Mixed-finance developments may include market rate units provided that the number of Section 202 or 811 units funded with the capital advance is not less than the number of units that could have been developed without other sources of funding. 'Commercial facilities may also be included on-site for the benefit of residents of the project and the community if funded from other sources.

Upon approval by HUD of the executed evidentiaries discussed below, the capital advance funds may be drawn down in an approved ratio to other funds, pursuant to the schedule approved by HUD. The interim rule provides that capital advance funds can only be drawn down when payment is due and after inspection and acceptance of work covered by the draw.'~

Project Rental Assistance Contracts

Project rental assistance contracts (PRAC) fund operating costs approved by HUD with respect to the Section 202 or 811 units to the extent not covered by tenant rents. Project rental assistance can not be used to pay for debt service on financing, cash flow distributions to owners, or the creation of reserves for nonassisted units. HUD-approved operating costs for common areas or the development as a whole, such as groundskeeping and administrative costs, may be paid from project rental assistance on a pro rata basis based upon the percentage of assisted units in the development. PRACs are provided for up to five years and are renewable based upon availability of funds.

HUD has asked the Treasury Department to issue a ruling excluding project rental assistance from treatment as a federal grant for LIHTC purposes. This ruling is critical to the Section 202 and 811 mixed-finance program will likely be issued during the first quarter of 2004.

Developer's Fee

The developer's fee is capped at 9 percent of total project replacement costs, and no more than 8 percent of the capital advance may be used to pay the fee. The fee can be used to pay development costs, including reasonable profit and overhead up to 6 percent of the total construction cost. Two percent of the fee is withheld to pay for project contingencies. The fee can not be used to pay for excess amenities, fees to architects or attorneys in excess of contract amounts, and other ineligible costs. Amounts set for the fee from capital advance funds that remain unused upon construction completion are deposited in the replacement reserve account.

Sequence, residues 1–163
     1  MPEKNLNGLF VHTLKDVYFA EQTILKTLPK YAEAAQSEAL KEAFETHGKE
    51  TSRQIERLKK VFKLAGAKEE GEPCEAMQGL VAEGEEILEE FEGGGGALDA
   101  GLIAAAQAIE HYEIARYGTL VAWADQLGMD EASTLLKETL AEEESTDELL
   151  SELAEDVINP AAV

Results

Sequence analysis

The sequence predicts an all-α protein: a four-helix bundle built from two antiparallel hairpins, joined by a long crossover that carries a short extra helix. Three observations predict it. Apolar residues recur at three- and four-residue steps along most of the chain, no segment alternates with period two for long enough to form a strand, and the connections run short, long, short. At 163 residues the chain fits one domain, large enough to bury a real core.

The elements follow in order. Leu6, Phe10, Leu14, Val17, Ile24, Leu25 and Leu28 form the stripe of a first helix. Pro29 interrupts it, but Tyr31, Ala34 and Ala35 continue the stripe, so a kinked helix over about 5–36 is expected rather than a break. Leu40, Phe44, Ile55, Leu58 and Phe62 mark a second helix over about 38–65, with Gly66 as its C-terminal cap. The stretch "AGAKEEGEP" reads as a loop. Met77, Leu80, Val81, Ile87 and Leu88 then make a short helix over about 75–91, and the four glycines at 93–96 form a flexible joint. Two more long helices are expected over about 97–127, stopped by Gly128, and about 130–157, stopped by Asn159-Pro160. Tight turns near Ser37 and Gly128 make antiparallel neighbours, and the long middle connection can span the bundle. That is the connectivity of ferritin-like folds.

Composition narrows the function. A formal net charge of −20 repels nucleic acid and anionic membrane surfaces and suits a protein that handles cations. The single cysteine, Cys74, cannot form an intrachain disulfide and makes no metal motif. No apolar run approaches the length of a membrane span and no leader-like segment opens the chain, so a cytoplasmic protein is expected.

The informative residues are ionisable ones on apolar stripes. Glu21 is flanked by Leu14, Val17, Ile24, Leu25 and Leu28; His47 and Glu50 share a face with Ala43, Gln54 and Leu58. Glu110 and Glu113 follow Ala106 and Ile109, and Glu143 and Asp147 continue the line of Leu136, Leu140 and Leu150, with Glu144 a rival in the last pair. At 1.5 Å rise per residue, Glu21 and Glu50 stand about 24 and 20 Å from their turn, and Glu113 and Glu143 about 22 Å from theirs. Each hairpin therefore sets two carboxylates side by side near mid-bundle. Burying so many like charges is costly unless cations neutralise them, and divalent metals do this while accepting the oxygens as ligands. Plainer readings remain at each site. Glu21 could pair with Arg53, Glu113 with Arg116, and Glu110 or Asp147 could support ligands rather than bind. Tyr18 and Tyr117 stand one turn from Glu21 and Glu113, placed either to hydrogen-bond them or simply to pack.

Reserves

The interim rule provides that the mixed-finance owner is required to establish and maintain a replacement reserve in accordance with existing regulations. Disbursements may be made for capital replacement costs in accordance with the terms of a regulatory and operating agreement. In the event of a disposition of the development or dissolution of the owner, Section 202 or 811 funds remaining in the replacement reserve account must remain dedicated to the assisted units to ensure their long-term viability, unless HUD agrees otherwise. The interim rule also provides that, with HUD's approval, replacement reserves may be used to reduce the number of dwelling units in order to retrofit or combine units that are obsolete or unmarketable.

An operating reserve is required at least equal to three months of operating expenses. Project income and tax credit equity may be used to fund the operating reserve account.

Approval Process

To obtain HUD approval, the mixed-finance owner (the partnership) and the nonprofit general partner submit a firm commitment application including the information set forth in detail in the regulations. The sponsor, mixed-finance owner, or the nonprofit must have site control. In addition, the mixed-finance owner submits a mixed-finance proposal that includes a description of the development and the financing, including official confirmation of the tax credit award and other information required under the regulations. The regulations also set forth the criteria for HUD's review of the application and proposal.

As in the HOPE VI program, evidentiaries are to be submitted to HUD for review and approval prior to drawdown of funds. Evidentiaries include organizational, development, financing, and management documents; a mixed-finance amendment to the capital advance agreement; a regulatory and operating agreement; deed or ground lease to the partnership; declaration of restrictive covenants; and a pro forma title policy. HUD is in the process of drafting the forms to be used for this program; they should be available by the fall of 2004.

HUD has informally indicated that its field offices will conduct the review and approval of the application, proposal, and evidentiaries to facilitate closing of these transactions.

Conclusion

With the issuance of the interim rule, the sponsors that received fund reservations for mixed-finance projects can move forward. HUD's prior experience with HOPE VI mixed-finance transactions, including tax credits, will facilitate implementation of the Section 202 and 811 mixed-finance program. It is anticipated that Treasury will issue a favorable ruling regarding treatment of the PRAC as this is essential to leveraging tax credit equity with the Section 202 and 811 programs. In addition, guidance from Treasury is expected to provide a safe harbor for obtaining tax-exempt status for a nonprofit general partner of a tax credit partnership. This guidance will be critical to structuring the investment of the limited partner and streamlining the exemption approval process. HUD, Treasury, and the sponsors will have to work together to make this program a reality.